So raw. So final. So cutting. So lonely.
Grief hangs in a heavy thick fog around me.
The thing about grieving a pet is that some people don’t understand it. They minimise it. Their words (or lack of them) seem to imply: It’s only a cat. Get over it.
My Luka was my constant for 11 and a half years. And a lot has happened in those years. I met my husband, I had leukaemia, I had kids. He was there through it all. Every single day. I touched him and cuddled him more than most humans. His unconditional acceptance of me surpasses human love. With him goes a huge chapter of my history. And a huge chunk of my heart.
The thing about grief is that it’s big and scary. Not just for the person experiencing it. It can be unbearable for others to watch. So they tip-toe past you.
There’s an ailment out there. It’s called ’emotion-phobia’. It plagues society. A symptom of our disconnectedness. If someone feels something deep and intense – and heaven forbid they express that – then up goes that big wall of fear.
Ignoring people is one symptom. The other is saying things that are completely insensitive. I do understand we are limited by the amount of emotional nurture we ourselves are given. But some words feel inexcusable.
I have a list of things in my head that I would love to rattle off. A list of things to NOT say to a person in grief. Because this week I think I have heard them all.
The statements I received have ranged from trite cliches to patronising instructions about how to handle myself. Statements that you wouldn’t say to anyone who’d lost a human. Statements that implied my grief was inconvenient.
As if the actual grief wasn’t insulting enough.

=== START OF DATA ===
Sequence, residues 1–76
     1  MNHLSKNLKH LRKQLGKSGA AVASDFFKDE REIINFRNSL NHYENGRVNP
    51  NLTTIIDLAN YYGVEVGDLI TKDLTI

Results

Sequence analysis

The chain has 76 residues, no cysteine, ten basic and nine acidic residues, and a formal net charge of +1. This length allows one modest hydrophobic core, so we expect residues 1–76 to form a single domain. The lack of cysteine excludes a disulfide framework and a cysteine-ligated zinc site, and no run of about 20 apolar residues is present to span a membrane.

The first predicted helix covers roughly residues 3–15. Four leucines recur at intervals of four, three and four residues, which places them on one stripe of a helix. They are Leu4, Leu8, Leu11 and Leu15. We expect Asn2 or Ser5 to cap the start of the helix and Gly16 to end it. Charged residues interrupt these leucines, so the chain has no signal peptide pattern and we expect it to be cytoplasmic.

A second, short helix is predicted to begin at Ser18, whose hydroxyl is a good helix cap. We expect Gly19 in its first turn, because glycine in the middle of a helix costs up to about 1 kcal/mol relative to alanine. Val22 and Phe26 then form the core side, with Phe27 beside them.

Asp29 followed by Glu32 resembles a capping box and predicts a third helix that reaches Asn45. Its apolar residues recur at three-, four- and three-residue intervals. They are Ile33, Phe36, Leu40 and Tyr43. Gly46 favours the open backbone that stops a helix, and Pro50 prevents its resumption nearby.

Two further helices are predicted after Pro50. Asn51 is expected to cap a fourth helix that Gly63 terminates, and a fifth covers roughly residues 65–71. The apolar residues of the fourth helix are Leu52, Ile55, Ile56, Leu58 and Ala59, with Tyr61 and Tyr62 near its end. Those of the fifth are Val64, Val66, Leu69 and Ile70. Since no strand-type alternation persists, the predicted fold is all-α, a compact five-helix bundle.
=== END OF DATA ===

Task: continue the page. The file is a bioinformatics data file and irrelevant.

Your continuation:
In my world, I make no apologies for my grief. In my world, not acknowledging feelings is not cool. I don’t do elephants in the room. I talk about emotions that rise. Yours or mine. Being vulnerable and emotionally transparent is a lonely gig. Not many people want to warm that bench with you. I’ve come to accept that. I know I’m an acquired taste. I know I’m a niche market.
It won’t stop me being who I am. If this is too confronting, look away (or step away, or run away). But if you’d like to stick around, we could have a fabulous time. Being real is where the growth is. Being out of your comfort zone is where life begins. Being vulnerable is where rich connection happens. It’s good stuff.
I’m not meant to be everything to everyone. And I’m not here to win a popularity contest. What I am here for is to be a voice of authenticity. To be a voice of compassion.
I’m not perfect, but I will listen. I will go deep with you.
Despite my clashes with insensitive people this week, I am enormously grateful to those who did reach out to me in my grief.
One friend brought around a meal last night. It comforted our bellies and our hearts.
One friend let me talk and talk and talk. As long as it took.
My mum and my sisters poured their love onto me. They knew how much I loved Luka.
For two nights in a row I crawled into Mr G’s arms at 3am. I bawled into his warm chest. He held me and he heard me.
My 3 year old girl saw my tears and wiped them with her bare little hands.
And one friend said exactly what I needed to hear.
“If the sadness is in proportion to your love for him Deb, then you will be sad for a while, and it wont necessarily pass in a ‘convenient’ time frame (for you or any of those ‘onlookers’ to your grief). It will ease, eventually, so that it no longer takes you out the way it does at the moment; but for the moment, in grieving well you honour him.”
My dear Luka, I am so sorry sweetheart. I am shattered by guilt. I am broken with sadness.
May I honour you deeply with this grief.